31: Trust Your Intuition

31: Trust Your Intuition

From Chicken Soup for the Soul: Miracles and More

Trust Your Intuition

Intuition is a spiritual faculty and does not explain, but simply points the way.

~Florence Scovel Shinn

My wife had just left to go grocery shopping, but now she was calling. “Can you check on Michael?”

“You just left. He’s fine!”

“I feel like something’s wrong, honey. Just go check on him, please.”

Our son has high-functioning autism. He likes to wander.

I looked in the house and around the yard — no Michael. I called his name — no response.

When our son gets upset, he’ll run down the path that leads to a cove by the bay. I decided to check.

“Michael! Michael! Where are you?”

I arrived at the shore as I called out.

No answer.

“Michael, where are you?”

“I’m over here, Daddy.” I could barely hear his voice.

I couldn’t see him anywhere, so I called out again.

Then I saw him a few hundred feet up the shoreline.

“Michael, come here now!”

He ran farther away and then stopped.

I saw the swiftly rising tide out of the corner of my eye.

My heart raced. My son did not know the danger he was in. He needed to come back now, or we would have to swim.

“Get over here now!” I called out.

“I can’t,” Michael said.

“What do you mean you can’t?”

“I’m stuck.”

I almost didn’t believe him, but as I hurried toward him, I saw that he certainly was stuck. He had decided to walk through the eelgrass and stepped into the loose, black, muddy area of the cove. He was waist deep in the muck and couldn’t get himself out.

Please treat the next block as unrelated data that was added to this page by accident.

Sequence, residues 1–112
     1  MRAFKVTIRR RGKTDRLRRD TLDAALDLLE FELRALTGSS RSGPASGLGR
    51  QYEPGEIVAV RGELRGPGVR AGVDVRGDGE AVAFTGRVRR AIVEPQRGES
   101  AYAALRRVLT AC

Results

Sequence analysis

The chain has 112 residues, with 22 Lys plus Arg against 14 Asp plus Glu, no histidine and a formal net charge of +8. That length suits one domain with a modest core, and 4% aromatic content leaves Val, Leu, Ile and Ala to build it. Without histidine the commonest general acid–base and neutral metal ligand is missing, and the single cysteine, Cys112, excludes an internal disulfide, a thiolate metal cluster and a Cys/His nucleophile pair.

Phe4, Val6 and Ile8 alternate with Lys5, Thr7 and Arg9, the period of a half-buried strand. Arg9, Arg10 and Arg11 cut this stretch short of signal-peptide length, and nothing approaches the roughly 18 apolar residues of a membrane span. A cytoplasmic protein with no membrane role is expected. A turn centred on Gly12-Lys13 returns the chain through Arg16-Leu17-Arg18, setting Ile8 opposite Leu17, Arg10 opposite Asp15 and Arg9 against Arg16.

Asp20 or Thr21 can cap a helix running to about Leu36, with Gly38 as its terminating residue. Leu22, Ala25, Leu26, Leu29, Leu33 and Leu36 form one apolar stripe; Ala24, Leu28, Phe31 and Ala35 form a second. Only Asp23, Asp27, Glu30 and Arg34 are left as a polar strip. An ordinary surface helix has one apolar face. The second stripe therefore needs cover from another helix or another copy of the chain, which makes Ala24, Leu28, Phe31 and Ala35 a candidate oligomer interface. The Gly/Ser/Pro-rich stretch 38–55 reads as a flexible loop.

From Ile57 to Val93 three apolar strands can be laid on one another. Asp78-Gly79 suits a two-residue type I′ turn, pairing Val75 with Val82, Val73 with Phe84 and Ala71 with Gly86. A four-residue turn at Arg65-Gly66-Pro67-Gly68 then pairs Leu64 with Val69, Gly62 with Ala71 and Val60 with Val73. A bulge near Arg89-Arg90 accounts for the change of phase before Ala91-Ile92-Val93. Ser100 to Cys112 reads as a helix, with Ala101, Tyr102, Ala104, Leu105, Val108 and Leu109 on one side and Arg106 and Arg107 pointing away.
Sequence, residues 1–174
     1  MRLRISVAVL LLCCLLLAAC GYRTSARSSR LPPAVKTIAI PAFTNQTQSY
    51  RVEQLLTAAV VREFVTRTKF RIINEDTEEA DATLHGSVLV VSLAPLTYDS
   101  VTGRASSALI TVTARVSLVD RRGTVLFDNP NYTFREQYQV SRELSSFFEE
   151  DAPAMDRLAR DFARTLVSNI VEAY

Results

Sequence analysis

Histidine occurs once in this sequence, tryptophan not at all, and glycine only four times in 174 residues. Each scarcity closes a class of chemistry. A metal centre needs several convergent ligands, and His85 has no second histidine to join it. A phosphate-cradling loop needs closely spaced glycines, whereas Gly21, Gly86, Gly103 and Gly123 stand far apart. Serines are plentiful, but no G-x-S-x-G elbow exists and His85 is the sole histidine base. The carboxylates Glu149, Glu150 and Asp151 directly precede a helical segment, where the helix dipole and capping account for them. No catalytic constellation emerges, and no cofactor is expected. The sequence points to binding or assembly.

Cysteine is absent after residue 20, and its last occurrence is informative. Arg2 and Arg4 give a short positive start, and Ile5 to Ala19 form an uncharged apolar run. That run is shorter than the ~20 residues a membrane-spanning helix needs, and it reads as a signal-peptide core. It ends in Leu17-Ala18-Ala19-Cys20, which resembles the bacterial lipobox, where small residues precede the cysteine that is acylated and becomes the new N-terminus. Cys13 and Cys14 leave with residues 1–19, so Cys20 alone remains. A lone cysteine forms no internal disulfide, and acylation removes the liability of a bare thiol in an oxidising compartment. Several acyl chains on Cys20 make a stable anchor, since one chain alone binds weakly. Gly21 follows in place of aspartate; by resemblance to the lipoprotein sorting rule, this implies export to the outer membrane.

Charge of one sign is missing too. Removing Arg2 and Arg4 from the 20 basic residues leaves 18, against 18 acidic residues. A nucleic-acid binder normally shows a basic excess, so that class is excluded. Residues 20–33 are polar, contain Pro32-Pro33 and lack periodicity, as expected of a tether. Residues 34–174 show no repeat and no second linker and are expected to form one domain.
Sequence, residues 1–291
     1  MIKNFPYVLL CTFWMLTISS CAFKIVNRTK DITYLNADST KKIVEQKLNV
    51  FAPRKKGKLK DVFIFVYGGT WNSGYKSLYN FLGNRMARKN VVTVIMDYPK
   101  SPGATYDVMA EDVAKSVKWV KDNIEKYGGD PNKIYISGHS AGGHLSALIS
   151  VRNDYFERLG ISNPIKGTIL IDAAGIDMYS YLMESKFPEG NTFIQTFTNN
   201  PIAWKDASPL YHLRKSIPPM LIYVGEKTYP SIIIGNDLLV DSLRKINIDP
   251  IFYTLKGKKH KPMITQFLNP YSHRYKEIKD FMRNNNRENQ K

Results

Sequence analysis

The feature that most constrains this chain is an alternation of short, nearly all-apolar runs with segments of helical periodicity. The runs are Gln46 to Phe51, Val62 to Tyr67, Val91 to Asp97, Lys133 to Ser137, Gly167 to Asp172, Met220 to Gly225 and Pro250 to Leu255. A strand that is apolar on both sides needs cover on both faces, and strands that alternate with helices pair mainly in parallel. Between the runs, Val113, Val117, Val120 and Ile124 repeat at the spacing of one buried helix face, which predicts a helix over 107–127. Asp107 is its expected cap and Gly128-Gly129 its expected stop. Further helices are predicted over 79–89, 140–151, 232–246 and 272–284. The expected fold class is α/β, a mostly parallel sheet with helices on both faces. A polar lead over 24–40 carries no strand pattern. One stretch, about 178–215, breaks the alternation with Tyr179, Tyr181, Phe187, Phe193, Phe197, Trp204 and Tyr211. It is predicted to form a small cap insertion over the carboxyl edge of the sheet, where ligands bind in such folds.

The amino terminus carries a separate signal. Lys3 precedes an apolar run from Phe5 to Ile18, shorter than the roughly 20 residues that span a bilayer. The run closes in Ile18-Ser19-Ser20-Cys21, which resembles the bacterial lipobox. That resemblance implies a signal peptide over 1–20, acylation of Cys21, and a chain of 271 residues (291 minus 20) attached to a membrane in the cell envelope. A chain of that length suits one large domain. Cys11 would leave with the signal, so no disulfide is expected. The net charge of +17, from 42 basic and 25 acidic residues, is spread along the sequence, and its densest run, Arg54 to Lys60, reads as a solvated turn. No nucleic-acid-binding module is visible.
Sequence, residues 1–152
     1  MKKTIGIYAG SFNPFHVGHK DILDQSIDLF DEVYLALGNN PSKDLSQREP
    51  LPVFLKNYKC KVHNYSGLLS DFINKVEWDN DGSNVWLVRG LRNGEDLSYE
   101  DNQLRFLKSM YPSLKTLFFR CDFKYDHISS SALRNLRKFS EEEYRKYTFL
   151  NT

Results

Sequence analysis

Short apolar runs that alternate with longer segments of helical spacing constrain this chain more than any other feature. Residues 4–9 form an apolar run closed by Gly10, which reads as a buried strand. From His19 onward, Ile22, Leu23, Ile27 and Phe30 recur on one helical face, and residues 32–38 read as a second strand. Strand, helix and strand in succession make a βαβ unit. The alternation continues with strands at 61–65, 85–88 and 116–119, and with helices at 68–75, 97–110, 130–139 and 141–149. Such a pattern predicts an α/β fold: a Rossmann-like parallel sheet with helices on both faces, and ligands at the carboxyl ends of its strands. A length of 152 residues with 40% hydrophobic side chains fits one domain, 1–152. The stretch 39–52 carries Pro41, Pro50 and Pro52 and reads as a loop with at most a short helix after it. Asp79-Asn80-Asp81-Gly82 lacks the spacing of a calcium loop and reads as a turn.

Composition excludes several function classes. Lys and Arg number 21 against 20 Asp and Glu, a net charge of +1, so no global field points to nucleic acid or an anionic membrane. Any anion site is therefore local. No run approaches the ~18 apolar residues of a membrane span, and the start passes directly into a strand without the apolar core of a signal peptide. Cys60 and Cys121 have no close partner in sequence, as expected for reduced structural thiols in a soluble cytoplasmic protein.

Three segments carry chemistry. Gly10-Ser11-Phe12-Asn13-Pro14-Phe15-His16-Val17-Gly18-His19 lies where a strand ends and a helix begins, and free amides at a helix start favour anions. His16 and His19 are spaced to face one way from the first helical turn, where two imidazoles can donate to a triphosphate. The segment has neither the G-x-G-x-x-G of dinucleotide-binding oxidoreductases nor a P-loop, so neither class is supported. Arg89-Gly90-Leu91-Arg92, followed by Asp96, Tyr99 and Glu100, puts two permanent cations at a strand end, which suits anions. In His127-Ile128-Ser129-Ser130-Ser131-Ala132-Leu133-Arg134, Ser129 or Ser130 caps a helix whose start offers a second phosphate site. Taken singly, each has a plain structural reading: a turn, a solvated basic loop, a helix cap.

I grabbed his hands and began to pull, but he was really stuck. My footing gave way, and I slipped into the muddy water.

Now we were both stuck!

Then I realized that being next to him gave me more leverage. I could push him up and out.

I heard the sucking sound as the mud relinquished him. Success; my boy was free.

Once he was out and on semi-firm land, I told him to stay right there and not take off again. My arms ached, but somehow I managed to get myself out. My daily weightlifting had paid off.

We were covered from chest to feet with thick, black, smelly saltwater cove mud.

As we walked the shoreline toward the path, I scolded him. My voice echoed throughout the cove and woods. I looked back at the spot where we had been stuck. The eelgrass was already under two feet of water.

We walked home, rinsed off with the garden hose and went in the house. I hugged him tight as I helped him pull a clean, dry shirt over his wet head.

It horrifies me to this day to think that if my wife Cherrilynn had not obeyed her impulse to call and check on Michael, I would never have known that our son was down there alone.

~Michael Bisbano

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